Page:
Another small way of living in a more environmentally sustainable way is by growing some of your own food. You don’t need to have a large garden for this. As my children’s current favourite book shows, many edible plants can be grown in containers and window-boxes. We have successfully (and sometimes not quite so successfully!) grown peas, beans, garlic, spinach, potatoes, courgettes, sweetcorn, tomatoes, strawberries and pumpkins over the last three years in our small garden plot. Our huge success so far this year however is purple sprouting broccoli (do click on that link, BTW – it’s full of interesting information on how easy it really is to grow and how much tastier it is than anything you’ve ever found in the supermarket).
We didn’t really expect the plants to be much of a success at all. As they were first sprouting almost a year ago, the plants attracted a large number of beautiful, white butterflies.
“How pretty,” we thought, failing to make the connection between butterflies and caterpillars (despite having read the story of The Very Hungry Caterpillar to M on countless occasions over the course of the last four years). Needless to say, the butterflies departed and the large, juicy, green leaves of the plants were soon finding their way into the tummies of an interminable army of caterpillars.
January then arrived and covered whatever hadn’t become caterpillar nosh with a glistening frost and, just to be sure of finishing off the plants properly, a layer of icy snow.
Miraculously, the plants survived. And flourished … and continue to flourish.
I think M has more in common with a caterpillar than she’s letting on as she likes to sneak into the garden and nibble on a tender stem of the broccoli without even waiting for it to be cooked.
Yesterday evening, we delivered bunches of purple sprouting florets to friends in the village before returning home to a deliciously homegrown Purple Sprouting Broccoli Quiche for our own dinner.
Homegrown Purple Sprouting Broccoli Quiche
4 oz plain flour
2 oz self-raising flour
1 tsp salt
3 oz unsalted butter
1 tbsp cider vinegar
2-3 tbsp cold milk
4 egg yolks + 2 eggs
milk (see recipe)
1 tbsp fresh sage, chopped
1 onion, chopped
6 slices streaky bacon (optional), chopped
1 tbsp green pesto
6-7 stems of purple sprouting broccoli
3 oz Blue Stilton cheese, crumbled
salt and pepper
Note: these quantities are for a 9 1/2″ tart tin and should be scaled up or down for other sizes.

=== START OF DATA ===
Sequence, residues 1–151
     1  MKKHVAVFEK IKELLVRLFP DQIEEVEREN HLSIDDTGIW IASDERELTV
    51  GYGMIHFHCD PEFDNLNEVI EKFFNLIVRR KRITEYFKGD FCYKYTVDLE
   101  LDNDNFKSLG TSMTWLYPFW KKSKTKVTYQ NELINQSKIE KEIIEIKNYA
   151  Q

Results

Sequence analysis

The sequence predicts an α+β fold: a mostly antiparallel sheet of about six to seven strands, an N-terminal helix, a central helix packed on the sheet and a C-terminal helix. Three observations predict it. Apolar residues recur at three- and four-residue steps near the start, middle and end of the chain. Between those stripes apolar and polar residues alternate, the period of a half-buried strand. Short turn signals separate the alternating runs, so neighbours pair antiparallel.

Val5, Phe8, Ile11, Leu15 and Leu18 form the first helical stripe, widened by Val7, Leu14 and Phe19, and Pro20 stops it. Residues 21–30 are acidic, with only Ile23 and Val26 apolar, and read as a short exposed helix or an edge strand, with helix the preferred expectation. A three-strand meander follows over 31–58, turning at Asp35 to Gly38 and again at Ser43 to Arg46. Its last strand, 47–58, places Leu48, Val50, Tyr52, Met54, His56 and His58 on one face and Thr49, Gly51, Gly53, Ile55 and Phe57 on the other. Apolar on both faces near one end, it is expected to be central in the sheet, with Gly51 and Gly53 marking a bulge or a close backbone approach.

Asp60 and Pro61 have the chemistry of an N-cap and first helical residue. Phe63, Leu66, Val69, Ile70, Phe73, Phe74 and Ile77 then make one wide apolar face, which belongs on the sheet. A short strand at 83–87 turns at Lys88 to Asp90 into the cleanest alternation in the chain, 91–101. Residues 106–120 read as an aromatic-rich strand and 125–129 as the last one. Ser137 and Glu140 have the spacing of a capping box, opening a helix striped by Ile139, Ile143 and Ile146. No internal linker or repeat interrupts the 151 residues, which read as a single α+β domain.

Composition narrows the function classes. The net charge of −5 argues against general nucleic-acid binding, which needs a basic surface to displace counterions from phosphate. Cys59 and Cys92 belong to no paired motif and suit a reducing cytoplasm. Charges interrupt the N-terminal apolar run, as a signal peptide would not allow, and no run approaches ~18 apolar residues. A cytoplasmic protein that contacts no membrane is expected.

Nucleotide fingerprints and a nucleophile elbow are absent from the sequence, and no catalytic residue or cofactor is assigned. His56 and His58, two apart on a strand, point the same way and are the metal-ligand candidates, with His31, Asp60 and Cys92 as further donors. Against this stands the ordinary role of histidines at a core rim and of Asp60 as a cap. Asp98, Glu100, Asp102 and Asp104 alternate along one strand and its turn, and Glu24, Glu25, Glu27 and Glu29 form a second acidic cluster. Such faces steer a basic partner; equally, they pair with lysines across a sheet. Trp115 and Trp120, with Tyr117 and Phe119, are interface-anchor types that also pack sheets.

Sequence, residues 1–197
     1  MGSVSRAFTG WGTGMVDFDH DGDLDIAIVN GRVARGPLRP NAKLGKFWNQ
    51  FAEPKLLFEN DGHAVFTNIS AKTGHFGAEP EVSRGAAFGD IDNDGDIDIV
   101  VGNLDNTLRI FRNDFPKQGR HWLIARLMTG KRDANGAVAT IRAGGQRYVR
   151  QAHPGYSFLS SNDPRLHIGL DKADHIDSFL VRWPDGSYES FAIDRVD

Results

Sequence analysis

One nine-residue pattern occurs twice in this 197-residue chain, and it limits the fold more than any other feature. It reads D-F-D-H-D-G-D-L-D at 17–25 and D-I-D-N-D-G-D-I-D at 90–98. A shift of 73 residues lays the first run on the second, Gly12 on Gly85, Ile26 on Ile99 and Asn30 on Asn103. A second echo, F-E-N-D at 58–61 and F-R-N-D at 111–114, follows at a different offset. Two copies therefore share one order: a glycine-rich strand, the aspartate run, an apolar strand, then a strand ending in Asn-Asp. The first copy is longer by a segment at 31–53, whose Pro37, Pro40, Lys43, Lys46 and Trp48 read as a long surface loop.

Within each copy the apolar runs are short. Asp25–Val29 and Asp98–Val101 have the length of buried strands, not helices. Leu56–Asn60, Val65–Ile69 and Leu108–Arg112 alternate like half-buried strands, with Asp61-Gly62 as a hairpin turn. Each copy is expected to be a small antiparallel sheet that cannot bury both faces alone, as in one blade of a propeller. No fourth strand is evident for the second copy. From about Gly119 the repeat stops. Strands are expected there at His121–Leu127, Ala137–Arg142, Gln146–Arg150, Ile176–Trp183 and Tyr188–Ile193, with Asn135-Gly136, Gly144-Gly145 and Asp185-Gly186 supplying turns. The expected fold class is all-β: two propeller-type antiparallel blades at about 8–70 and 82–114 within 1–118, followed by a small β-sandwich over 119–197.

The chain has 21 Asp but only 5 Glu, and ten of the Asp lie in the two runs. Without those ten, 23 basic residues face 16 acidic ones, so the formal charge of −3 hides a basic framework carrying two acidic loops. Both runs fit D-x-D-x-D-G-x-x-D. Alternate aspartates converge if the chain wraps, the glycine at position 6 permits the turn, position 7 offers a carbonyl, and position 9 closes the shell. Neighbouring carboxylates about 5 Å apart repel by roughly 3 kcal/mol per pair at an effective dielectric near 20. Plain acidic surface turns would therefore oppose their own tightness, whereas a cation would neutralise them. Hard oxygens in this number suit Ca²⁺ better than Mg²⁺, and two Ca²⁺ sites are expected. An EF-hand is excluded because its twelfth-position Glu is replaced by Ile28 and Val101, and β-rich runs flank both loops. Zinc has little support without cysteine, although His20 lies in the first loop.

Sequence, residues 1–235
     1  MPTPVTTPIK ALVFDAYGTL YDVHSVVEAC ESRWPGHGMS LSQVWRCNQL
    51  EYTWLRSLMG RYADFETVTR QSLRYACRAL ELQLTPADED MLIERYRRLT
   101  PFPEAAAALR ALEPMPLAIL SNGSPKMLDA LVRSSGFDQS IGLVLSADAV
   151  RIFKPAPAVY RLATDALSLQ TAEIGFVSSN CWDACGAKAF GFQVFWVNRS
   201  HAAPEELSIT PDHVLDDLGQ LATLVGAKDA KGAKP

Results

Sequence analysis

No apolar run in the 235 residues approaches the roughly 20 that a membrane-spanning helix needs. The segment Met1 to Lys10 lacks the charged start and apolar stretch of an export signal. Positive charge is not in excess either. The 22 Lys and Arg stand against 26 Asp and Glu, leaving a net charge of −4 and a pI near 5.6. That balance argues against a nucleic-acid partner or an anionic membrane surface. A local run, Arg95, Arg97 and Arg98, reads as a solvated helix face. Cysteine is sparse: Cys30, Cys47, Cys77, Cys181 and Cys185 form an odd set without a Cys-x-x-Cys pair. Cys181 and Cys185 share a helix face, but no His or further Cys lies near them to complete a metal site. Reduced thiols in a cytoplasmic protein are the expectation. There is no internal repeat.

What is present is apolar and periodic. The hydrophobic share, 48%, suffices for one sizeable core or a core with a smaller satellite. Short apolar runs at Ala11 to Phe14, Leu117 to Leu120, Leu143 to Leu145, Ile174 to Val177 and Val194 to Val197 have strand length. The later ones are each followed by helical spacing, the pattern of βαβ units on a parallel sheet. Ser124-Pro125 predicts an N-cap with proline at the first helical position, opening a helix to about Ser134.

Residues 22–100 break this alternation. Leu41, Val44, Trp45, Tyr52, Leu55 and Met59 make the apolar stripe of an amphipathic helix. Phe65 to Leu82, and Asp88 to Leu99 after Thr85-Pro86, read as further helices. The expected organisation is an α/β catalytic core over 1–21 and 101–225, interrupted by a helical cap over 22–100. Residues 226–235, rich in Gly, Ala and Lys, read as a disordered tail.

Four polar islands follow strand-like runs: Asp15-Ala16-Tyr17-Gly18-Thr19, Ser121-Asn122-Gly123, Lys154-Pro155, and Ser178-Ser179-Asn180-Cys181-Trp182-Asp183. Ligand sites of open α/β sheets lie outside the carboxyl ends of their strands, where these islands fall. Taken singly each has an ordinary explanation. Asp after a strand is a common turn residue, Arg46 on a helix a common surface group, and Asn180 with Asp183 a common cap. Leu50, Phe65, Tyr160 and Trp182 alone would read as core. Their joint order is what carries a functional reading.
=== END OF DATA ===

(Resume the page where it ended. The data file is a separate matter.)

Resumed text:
Make the pastry by combining the flours and salt, rubbing in the butter and mixing with the cider vinegar and enough milk to form a soft dough. Wrap in clingfilm and leave to rest in the fridge for at least 30 minutes.
Roll out the pastry and use to line the base of your tart tin. Blind-bake if you wish (confession time – I don’t always do this; yesterday, I brushed the unbaked pastry base of the quiche with a little melted butter, then covered it with clingfilm and popped it back in the fridge. The butter hardens again in the fridge so that it forms a protective layer between the pastry and the sloppy filling in the oven, which allows the pastry just enough time to get a head start in the cooking process before the butter melts and the bottom comes into contact with the filling).
Preheat the oven to 200 degrees C.
Put the egg yolks and whole eggs into a measuring jug. Fill with milk up to the level of 1 1/4 pints for both the eggs and milk. Stir in the chopped sage.
Fry the onions (and bacon) in a little olive oil to soften. Stir in the pesto and leave to cool.
Spread the onion/pesto mixture over the base of the quiche. Arrange the purple sprouting broccoli over the top (I placed them loosely in a grid pattern), then sprinkle with the crumbled cheese. Season.
Pour the egg/milk mixture into the filled pastry case until just before it reaches the top (add a little extra milk if needed). Poke any sticky-uppy florets into the egg mixture to coat them.
Bake in the oven for 20 minutes, then turn the temperature down to 180 degrees and bake for a further 20 to 30 minutes until the quiche is puffed and golden.
Remove from the oven and leave for 10 minutes before serving.